Norway’s Financial Supervisory Authority (Finanstilsynet, FSA) said in its latest risk report that pension funds’ solvency ratios improved in the first quarter because higher interest rates cancelled out some of the effect of falling investment values.
The watchdog also said that looking ahead, still higher interest rates – which the market expects – could have a positive effect on solvency for pension institutions and life insurers.
In its June 2022 risk report, the FSA said pension institutions’ solvency position had weakened during 2021, and that there had been a further sight reduction in the solvency ratio of non-life insurers in the first quarter of 2022, to 230%.
In Norway, pensions assets are managed by non-life insurance companies as well as pension funds.
“The rise in interest rates and the decline in international stock markets were among the factors contributing to the substantial reduction in solvency capital during the period,” the authority said.
However, the effect on solvency ratios was partially offset by the fact that the increase in interest rates also pushed down the value of insurance obligations and reduced the solvency capital requirements, the FSA said.
For Norway’s largest 10 pension funds, which report each quarter, the overall solvency ratio increased to 187% in the first quarter of this year, up from 179% at the end of 2021, according to the report.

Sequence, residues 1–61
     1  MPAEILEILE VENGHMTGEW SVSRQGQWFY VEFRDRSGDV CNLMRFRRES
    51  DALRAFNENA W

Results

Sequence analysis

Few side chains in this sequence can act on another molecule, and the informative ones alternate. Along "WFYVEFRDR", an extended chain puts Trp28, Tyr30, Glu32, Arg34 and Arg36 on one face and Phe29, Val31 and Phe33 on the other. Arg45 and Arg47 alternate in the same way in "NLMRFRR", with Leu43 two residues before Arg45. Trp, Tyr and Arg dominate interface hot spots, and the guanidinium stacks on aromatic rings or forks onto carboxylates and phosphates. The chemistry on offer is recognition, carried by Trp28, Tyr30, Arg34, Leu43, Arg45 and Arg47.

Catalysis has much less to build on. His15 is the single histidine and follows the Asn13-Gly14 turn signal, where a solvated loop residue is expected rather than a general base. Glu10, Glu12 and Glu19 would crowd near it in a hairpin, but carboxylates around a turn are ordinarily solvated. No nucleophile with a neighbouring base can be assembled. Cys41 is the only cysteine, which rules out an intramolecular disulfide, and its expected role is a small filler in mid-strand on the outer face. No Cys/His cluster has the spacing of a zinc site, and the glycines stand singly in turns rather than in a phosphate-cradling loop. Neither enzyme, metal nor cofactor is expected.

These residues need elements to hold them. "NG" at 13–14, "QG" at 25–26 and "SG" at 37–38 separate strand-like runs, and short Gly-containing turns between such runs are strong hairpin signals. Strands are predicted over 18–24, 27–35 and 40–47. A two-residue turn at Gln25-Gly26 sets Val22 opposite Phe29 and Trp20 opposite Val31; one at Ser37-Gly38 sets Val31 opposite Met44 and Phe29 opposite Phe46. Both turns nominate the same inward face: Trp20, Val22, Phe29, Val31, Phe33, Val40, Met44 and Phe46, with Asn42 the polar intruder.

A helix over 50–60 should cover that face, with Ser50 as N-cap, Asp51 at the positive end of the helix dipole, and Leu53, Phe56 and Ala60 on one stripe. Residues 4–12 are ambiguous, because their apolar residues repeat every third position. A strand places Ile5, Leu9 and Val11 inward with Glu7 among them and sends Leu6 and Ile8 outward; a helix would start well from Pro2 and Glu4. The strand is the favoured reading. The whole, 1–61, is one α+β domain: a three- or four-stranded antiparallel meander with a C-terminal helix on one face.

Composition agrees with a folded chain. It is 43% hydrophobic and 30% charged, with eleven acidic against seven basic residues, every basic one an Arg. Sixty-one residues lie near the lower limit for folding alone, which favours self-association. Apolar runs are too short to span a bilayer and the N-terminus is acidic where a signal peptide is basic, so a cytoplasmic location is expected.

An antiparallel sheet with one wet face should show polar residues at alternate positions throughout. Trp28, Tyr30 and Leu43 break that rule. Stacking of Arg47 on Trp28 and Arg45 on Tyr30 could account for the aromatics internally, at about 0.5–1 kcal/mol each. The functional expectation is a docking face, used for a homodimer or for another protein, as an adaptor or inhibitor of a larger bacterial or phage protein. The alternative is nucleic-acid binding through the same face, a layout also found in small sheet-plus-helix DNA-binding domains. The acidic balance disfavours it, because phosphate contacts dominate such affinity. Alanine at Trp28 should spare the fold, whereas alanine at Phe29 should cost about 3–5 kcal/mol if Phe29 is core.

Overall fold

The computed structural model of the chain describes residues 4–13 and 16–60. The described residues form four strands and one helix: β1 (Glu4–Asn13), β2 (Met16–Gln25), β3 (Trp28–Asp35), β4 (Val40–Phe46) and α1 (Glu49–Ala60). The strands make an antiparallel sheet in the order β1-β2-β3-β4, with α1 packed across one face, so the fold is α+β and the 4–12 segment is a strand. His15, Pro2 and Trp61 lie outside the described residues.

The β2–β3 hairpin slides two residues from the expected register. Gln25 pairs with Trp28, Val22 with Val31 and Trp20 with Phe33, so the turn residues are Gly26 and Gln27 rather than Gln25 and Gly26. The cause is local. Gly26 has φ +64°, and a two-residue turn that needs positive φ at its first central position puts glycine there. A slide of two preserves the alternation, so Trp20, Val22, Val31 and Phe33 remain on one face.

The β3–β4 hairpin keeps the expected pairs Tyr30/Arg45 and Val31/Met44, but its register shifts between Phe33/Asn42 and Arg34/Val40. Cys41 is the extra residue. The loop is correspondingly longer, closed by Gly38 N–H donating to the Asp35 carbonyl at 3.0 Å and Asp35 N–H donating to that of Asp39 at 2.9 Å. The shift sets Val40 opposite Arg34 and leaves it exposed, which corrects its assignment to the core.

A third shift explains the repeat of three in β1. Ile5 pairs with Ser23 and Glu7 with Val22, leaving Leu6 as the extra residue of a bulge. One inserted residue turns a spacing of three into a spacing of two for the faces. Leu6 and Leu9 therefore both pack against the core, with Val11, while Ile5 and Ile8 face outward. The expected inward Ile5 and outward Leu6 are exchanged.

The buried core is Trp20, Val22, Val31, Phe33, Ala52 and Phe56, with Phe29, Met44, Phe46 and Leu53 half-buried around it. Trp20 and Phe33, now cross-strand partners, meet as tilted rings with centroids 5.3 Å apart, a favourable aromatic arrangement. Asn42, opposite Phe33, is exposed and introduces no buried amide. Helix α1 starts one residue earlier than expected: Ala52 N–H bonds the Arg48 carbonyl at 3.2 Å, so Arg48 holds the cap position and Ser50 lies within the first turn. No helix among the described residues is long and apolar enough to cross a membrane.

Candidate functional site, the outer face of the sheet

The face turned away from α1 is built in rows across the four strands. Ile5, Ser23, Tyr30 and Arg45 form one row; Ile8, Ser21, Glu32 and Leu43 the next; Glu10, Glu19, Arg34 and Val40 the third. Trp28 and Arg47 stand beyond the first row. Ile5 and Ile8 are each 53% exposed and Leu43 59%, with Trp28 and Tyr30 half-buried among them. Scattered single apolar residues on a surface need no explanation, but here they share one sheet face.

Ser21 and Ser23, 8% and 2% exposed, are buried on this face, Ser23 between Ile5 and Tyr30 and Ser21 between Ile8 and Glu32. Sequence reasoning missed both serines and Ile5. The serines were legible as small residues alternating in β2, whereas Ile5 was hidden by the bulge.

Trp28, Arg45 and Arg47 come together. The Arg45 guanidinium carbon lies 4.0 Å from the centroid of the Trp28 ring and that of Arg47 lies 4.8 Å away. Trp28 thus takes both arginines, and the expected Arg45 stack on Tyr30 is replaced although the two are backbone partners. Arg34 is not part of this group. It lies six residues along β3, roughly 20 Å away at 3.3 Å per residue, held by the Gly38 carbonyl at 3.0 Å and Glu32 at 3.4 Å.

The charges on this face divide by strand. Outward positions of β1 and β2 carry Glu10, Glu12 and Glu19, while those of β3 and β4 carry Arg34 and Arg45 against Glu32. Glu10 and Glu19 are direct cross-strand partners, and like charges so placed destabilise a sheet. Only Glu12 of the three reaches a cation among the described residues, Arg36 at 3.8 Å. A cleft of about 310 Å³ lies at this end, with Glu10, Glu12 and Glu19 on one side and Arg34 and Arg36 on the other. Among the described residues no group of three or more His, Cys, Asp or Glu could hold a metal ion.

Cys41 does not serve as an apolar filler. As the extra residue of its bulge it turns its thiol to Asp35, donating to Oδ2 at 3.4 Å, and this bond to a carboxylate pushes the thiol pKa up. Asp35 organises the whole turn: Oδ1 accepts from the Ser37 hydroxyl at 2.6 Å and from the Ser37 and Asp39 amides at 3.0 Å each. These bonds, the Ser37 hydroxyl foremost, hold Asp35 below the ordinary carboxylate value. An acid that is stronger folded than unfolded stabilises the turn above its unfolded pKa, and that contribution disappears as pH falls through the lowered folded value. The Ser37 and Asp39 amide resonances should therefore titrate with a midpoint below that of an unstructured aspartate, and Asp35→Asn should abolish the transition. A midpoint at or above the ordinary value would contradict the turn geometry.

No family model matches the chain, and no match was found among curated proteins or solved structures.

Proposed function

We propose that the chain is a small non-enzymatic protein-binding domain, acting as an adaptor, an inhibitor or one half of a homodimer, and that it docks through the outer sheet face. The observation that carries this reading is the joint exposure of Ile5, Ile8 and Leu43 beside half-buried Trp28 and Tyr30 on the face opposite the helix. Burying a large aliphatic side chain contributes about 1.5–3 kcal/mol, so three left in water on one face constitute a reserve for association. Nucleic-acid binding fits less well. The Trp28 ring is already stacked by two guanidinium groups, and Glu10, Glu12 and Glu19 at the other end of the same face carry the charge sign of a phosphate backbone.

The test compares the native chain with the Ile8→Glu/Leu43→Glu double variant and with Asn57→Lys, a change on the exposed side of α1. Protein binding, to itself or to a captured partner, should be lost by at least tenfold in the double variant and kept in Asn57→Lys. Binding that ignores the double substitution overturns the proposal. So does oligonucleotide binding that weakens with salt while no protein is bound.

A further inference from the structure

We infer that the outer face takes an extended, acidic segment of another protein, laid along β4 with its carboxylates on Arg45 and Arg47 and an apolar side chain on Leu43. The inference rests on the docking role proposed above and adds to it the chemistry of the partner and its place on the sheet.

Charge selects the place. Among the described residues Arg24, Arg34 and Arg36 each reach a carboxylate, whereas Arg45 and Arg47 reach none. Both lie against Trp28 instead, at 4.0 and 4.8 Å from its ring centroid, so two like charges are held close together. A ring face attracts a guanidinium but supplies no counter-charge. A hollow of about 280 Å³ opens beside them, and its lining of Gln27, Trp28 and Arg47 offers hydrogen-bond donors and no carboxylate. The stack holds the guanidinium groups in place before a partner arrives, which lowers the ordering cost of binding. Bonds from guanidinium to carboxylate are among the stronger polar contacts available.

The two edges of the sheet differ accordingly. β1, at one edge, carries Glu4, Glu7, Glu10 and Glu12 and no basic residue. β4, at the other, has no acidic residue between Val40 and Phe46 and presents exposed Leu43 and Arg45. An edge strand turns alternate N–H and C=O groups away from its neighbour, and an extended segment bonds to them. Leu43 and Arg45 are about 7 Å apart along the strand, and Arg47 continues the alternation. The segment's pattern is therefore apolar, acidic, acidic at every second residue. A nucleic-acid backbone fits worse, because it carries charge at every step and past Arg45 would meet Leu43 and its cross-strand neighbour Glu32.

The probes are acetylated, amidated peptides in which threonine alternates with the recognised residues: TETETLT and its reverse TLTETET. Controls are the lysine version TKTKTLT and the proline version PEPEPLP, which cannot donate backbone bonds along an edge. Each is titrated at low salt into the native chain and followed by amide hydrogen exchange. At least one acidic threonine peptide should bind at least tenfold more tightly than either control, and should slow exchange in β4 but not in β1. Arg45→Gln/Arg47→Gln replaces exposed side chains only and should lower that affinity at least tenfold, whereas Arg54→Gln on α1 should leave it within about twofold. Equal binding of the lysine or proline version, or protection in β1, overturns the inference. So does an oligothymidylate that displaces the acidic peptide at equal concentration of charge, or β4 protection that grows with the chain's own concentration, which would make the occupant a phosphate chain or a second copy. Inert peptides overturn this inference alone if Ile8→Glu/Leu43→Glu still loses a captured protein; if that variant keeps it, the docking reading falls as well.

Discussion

As was the case for life insurers, there had also been reductions in both the solvency capital and the solvency requirement for these ten pension funds in the first quarter, the FSA said.
Falling share prices had been the main reason for the reduction in solvency capital, it said, but added that due to a decline in the value of insurance obligations – reflecting the rise in interest rates and a reduction in the solvency capital requirement for equity risk – total solvency for pension funds had nevertheless improved in the first quarter.
Looking ahead, the FSA said higher interest rates could have a positive effect on solvency.
A rapid economic recovery in several countries and a sharp rise in inflation had contributed to higher policy rates and expectations of further interest rate increases in the period ahead, the supervisory authority said in the report.
“For pension institutions with a large share of guaranteed liabilities, higher interest rates will in principle have a positive effect on their solvency position,” it said.
Higher interest rates helped reduce the present value of the liabilities taken on by the institutions through their guaranteed rates of return to policyholders, according to the report.
Life insurers’ assets had a considerably lower duration than their liabilities, the FSA said, adding that this meant changes in the interest rate level could have a major impact on their solvency ratios.
At the end of last year, the average duration of the firms’ bond portfolios and liabilities – excluding unit-linked contracts – was four and 14 years, respectively, it said.
“When interest rates rise, such a duration gap alone will cause a steeper fall in the present value of the liabilities than in the value of the assets, which will have a positive effect on solvency ratios,” the Norwegian FSA said.